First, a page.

A 51-year-old male with intramural esophageal dissection. Findings: Axial contrast-enhanced CT of the neck in the soft tissue (A) and lung (B) windows, with sagittal (C, D) reformats, during the patient`s second admission 10 days later. This demonstrates a thin dissection flap in the esophagus (arrows). The true lumen is seen anterior to the flap and the posterior false lumen (*) contains secretions/ food particles. This is the classic double-barrel appearance of intramural esophageal dissection. Technique: Brilliance Philips 64-slice CT scanner, tube voltage 120 kV, tube current 150 mA, slice thickness 3 mm, 50 ml intravenous Omnipaque 350 (Iohexol).
).

Differential Diagnoses:
Recognizing the appearance of an intramural hematoma, as a precursor to IED, is helpful in ruling out other important differential diagnoses. This may prevent unnecessary investigations, such as in the work up for causes of esophagitis. It also ensures that appropriate conservative management takes place.

The clinical symptoms of IED may mimic those of acute myocardial infarction. In such cases, CT is invaluable in its ability to distinguish IED from acute cardiovascular disease [7]. This is particularly important as anticoagulation therapy in acute cardiovascular disease is contraindicated in the treatment of IED.

Another cause of esophageal mural thickening that can present with acute symptoms is esophagitis [9]. This can be due to a wide range of etiologies and is best diagnosed on contrast swallow or endoscopy. The appearance on contrast swallow is varied, depending on the etiology, and includes mucosal nodularity, ulcers, and strictures. On CT, the esophagus can appear thickened, with submucosal edema, and mucosal enhancement.

Three main types of acute esophageal injury have been described mucosal tear (Mallory Weiss tear), IED, and full thickness rupture. The precipitating cause in each condition may be similar, such as with repeated vomiting (known as Boerhaave syndrome in full thickness rupture) or secondary to an iatrogenic cause.

However, appearances on imaging and endoscopy are usually sufficient in differentiating the type of esophageal injury [9]. Mallory Weiss tear is often occult on imaging. In esophageal perforation, pneumomediastinum or a pleural effusion (often left-sided) is usually seen on the chest radiograph. Contrast swallow may demonstrate extravasation of contrast medium at the site of perforation, which is most commonly located on the left, just above the gastroesophageal junction. On CT, transmural perforation of the esophagus may be diagnosed from the presence of extra-luminal gas and peri-esophageal collections.

The prognosis of IED is good, which is similar to a Mallory Weiss mucosal tear [5]. Conversely, full thickness rupture of the esophagus has a poor prognosis and if left untreated, has a high mortality rate. Esophagitis can occasionally progress to perforation. The imaging findings of these conditions are summarized in Table 2.

Treatment & Prognosis:
Repeat endoscopy in IED may reveal that the dissected mucosal layer sloughs away, leaving a large longitudinal ulcer [10]. Occasionally, severe bleeding or esophageal perforation may occur, requiring urgent surgical intervention [11]. These are usually seen in cases related to endoscopy [12]. In the majority of cases of IED, perforation does not occur and thus there is no risk of contaminating the sterile mediastinal or peritoneal space. There is usually significant or complete resolution within 7-14 days with no reports of late sequelae [13].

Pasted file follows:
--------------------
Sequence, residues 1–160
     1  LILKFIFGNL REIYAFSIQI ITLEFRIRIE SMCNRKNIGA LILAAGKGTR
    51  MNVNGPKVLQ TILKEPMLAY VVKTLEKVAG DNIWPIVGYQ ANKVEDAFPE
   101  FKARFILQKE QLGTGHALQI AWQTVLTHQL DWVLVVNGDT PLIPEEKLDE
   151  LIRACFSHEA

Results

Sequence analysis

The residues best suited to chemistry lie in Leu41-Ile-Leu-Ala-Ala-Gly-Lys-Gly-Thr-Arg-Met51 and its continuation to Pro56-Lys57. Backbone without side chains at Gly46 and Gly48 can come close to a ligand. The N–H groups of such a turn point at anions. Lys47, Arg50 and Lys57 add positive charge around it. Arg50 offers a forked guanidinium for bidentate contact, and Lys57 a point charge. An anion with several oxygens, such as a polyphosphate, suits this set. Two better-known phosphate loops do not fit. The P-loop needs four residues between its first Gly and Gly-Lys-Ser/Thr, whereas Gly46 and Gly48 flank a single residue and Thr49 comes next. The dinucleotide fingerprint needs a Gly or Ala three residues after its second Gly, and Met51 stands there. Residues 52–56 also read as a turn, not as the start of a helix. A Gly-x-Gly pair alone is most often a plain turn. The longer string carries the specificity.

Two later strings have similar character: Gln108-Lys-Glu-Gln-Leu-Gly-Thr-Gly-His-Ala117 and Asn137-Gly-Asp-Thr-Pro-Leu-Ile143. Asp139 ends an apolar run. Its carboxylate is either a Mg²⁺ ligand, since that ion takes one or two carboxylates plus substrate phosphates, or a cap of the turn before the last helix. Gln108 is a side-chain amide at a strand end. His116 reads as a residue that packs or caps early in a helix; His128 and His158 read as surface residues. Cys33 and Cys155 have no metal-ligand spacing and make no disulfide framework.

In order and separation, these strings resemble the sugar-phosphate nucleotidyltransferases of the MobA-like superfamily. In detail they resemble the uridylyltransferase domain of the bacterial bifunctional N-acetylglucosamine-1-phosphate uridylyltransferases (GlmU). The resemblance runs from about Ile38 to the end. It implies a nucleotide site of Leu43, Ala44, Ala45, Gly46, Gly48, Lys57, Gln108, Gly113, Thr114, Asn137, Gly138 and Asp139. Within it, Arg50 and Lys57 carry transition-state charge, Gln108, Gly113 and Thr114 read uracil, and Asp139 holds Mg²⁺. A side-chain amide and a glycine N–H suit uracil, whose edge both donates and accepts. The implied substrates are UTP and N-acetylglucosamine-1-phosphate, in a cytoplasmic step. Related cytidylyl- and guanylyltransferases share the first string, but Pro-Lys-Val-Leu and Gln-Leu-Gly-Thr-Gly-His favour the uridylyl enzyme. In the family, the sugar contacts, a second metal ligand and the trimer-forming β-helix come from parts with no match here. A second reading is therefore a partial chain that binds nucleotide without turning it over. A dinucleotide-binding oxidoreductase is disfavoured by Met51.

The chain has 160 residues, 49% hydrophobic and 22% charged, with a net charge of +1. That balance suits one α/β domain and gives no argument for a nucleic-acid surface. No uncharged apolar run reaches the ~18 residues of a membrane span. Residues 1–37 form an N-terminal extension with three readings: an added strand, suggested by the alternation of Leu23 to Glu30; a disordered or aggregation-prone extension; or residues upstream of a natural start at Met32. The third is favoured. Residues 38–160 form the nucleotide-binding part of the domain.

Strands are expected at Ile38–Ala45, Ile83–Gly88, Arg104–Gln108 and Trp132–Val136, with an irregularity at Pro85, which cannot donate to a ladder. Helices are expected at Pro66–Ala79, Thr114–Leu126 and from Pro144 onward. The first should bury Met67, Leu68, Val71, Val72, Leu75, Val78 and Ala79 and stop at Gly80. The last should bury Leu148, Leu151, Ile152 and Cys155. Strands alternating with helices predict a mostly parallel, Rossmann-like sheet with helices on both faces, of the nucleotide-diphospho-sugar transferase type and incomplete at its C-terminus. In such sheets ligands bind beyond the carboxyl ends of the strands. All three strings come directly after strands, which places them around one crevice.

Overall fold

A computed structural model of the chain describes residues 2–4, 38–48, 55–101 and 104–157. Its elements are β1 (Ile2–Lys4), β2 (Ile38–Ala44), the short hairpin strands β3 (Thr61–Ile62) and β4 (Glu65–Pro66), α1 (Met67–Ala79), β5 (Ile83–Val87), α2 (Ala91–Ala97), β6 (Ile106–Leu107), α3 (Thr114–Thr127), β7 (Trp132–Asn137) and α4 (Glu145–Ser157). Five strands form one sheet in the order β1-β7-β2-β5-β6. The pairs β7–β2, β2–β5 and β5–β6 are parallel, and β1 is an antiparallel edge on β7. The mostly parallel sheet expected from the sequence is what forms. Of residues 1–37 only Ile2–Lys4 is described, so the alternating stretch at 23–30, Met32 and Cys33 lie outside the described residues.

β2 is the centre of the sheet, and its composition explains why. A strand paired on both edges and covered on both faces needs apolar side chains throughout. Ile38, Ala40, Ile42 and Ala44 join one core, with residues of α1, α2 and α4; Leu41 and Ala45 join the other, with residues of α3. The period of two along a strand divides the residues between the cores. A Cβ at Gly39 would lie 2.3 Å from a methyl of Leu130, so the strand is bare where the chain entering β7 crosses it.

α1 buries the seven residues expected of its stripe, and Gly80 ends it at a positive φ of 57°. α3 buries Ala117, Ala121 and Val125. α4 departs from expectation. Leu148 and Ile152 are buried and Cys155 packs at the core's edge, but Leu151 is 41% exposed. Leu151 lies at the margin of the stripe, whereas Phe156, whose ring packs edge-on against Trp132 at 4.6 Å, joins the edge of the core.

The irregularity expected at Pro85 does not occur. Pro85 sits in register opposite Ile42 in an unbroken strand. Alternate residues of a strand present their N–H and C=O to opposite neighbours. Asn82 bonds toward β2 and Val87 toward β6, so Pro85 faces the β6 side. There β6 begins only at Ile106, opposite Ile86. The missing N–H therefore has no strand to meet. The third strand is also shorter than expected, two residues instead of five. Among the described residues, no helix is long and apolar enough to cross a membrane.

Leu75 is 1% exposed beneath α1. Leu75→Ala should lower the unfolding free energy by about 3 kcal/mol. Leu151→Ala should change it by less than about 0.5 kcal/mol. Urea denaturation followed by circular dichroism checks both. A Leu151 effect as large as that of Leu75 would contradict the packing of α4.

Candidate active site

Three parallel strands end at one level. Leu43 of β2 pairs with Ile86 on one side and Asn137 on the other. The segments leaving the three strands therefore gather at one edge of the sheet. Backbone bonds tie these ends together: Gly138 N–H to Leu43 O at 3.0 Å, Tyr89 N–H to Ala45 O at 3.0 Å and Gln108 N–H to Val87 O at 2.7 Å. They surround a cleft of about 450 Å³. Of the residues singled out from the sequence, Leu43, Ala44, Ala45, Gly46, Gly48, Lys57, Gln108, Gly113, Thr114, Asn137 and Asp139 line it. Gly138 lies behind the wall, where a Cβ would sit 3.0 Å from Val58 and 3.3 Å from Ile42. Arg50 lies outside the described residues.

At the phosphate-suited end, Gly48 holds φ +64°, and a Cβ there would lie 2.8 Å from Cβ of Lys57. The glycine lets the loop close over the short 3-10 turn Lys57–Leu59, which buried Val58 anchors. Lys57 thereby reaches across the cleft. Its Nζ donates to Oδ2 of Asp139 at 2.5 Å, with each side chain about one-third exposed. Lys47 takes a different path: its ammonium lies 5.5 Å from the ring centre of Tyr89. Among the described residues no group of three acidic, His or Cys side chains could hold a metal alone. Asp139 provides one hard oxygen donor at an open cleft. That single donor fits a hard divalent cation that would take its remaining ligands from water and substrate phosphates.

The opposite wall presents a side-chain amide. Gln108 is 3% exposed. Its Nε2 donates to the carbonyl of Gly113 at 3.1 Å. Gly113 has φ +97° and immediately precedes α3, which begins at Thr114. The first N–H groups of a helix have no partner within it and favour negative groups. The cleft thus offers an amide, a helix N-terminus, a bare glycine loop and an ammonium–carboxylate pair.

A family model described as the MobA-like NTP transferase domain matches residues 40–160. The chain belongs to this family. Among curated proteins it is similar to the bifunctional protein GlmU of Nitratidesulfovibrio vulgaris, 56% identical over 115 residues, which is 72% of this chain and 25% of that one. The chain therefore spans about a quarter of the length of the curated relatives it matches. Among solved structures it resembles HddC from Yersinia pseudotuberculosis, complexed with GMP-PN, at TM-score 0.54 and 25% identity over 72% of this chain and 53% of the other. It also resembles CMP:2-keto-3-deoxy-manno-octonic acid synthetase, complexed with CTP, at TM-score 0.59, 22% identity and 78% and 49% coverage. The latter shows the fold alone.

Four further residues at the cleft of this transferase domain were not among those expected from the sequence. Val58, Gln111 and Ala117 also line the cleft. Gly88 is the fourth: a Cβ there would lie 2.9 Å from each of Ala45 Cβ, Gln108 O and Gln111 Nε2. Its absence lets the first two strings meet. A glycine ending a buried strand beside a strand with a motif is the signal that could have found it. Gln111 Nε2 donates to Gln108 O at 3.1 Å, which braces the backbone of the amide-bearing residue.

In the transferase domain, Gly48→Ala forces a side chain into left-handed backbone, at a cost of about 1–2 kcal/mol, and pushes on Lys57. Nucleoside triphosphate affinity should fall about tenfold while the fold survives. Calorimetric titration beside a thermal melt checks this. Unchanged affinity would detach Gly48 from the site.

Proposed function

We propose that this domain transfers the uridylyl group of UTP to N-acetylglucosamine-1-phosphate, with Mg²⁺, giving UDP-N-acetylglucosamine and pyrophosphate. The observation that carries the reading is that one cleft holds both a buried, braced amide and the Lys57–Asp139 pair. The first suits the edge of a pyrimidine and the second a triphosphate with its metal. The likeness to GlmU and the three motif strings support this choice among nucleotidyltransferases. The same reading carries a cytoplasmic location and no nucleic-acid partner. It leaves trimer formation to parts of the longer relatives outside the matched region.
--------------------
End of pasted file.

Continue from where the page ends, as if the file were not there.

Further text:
Compared with esophageal perforation, IED has a better morbidity and mortality rate as there is no contamination of the mediastinal space. As such, IED is usually managed conservatively, with nutritional support and IV hydration. This may include avoidance of oral medication, reversal of coagulopathy, and use of a proton pump inhibitor.

  TEACHING POINT
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Abstract
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Discussion
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Intramural esophageal dissection is an uncommon condition involving the separation of the esophageal mucosa from the muscular layers. Understanding the temporal evolution of this condition and recognizing an intramural esophageal hematoma and the classic double-barrel appearance of intramural esophageal dissection on imaging is invaluable in distinguishing it from other important differential diagnoses.








  FIGURES
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Display figure 1 in original size

Figure 1: A 51-year-old male with intramural esophageal dissection.
Findings: Lateral neck radiograph on initial presentation shows thickened prevertebral soft tissue (arrow). No gas lucency is seen within the esophagus.
Technique: Radiography.


Figure 1: Conventional Radiography (Open in original size)
A 51-year-old male with intramural esophageal dissection.
Findings: Lateral neck radiograph on initial presentation shows thickened prevertebral soft tissue (arrow). No gas lucency is seen within the esophagus.
Technique: Radiography.


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Display figure 2 in original size
Figure 2: A 51-year-old male with intramural esophageal dissection.
Findings: Axial contrast-enhanced CT of the neck (A), with coronal (B), and sagittal (C) reformats, on initial presentation demonstrates a thickened esophageal wall (arrows), displacing the esophageal lumen anteriorly, in keeping with an esophageal intramural hematoma.
Technique: Brilliance Philips 64-slice CT scanner, tube voltage 120 kV, tube current 150 mA, slice thickness 3 mm, 50 ml intravenous Omnipaque 350 (Iohexol).


Figure 2: Computed Tomography (Open in original size)
A 51-year-old male with intramural esophageal dissection.
Findings: Axial contrast-enhanced CT of the neck (A), with coronal (B), and sagittal (C) reformats, on initial presentation demonstrates a thickened esophageal wall (arrows), displacing the esophageal lumen anteriorly, in keeping with an esophageal intramural hematoma.